Just because a fill is overused doesn’t mean it’s bad – it’s probably popular because it’s effective!
If you’re like most drummers, you probably have your go-to fills or patterns that you naturally play without thinking. If you aren’t sure, record a few of your practice sessions and you might start to pick up on your habits and identify your go-to vocabulary.
There’s nothing wrong with playing ‘overused’ licks! But if you want to make your drumming as interesting as possible – and play something unique that fits the song perfectly – here are some of the most common fills and how to branch out from some of them.
Beginners know this one well: it’s four on the snare followed by four on each tom. What if you used the same sticking but moved it around in a different way? Experiment with different orchestrations, groupings, and patterns. If you always play groups of four on each drum, try groups of two instead.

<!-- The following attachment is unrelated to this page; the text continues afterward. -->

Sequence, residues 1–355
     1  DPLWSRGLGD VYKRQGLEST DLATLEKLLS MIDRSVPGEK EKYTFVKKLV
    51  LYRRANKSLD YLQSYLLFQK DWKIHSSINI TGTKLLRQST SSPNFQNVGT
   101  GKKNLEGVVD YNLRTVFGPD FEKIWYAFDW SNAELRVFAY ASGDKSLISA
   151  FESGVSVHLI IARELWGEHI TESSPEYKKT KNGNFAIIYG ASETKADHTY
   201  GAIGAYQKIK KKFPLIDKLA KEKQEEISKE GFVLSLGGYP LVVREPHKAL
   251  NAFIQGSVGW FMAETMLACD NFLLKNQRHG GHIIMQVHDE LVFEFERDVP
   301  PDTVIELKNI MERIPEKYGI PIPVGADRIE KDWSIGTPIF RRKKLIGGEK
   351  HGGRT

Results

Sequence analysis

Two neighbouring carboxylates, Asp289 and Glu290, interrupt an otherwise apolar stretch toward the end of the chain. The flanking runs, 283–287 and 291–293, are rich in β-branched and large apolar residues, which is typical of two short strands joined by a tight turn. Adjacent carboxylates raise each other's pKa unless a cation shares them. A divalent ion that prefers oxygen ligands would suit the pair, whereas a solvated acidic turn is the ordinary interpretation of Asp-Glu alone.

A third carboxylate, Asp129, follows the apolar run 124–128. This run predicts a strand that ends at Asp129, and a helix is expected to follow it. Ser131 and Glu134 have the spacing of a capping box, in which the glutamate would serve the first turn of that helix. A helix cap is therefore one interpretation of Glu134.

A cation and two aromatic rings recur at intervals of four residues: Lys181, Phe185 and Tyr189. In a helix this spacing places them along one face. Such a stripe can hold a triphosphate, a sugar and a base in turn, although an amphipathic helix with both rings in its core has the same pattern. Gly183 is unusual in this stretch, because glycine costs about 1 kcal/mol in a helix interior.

It usually starts on the count of 3 and it sounds exactly like the rhythm of saying the two names. How about adding a drag on the snare right before going into it?
This one works really well, but like any lick, it’ll get stagnant if you do it all the time (here’s looking at you, drummers who love trash can endings). Change it up by keeping more of the accents on the snare and only sparsely moving to the toms. Practice going into the six stroke roll from the five stroke roll or seven stroke roll. You’ll find some new patterns and sounds by combining rudiments.
A herta is two notes of one value, followed by two notes of double that value, played as single stroke rolls. It’s popular for a reason!
Flams and double strokes make this a fun one at tempo. The name is an onomatopoeia – it sounds like ‘blush-da’.
If these fills fit the music, that’s great – but imagine if all songs used the same fills. What are we hammering to death and how can we get out of that rut and keep innovating? How can we push ourselves to get better?
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